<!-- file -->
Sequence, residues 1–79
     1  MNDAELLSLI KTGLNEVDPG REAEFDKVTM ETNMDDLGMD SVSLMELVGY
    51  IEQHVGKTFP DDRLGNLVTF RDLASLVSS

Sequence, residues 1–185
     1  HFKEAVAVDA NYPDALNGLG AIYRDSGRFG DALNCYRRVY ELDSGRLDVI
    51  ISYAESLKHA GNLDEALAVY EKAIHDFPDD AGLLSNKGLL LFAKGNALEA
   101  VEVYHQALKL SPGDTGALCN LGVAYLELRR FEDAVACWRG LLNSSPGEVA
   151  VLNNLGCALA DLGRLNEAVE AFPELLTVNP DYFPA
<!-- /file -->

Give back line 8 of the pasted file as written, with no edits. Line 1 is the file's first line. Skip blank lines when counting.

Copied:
   151  VLNNLGCALA DLGRLNEAVE AFPELLTVNP DYFPA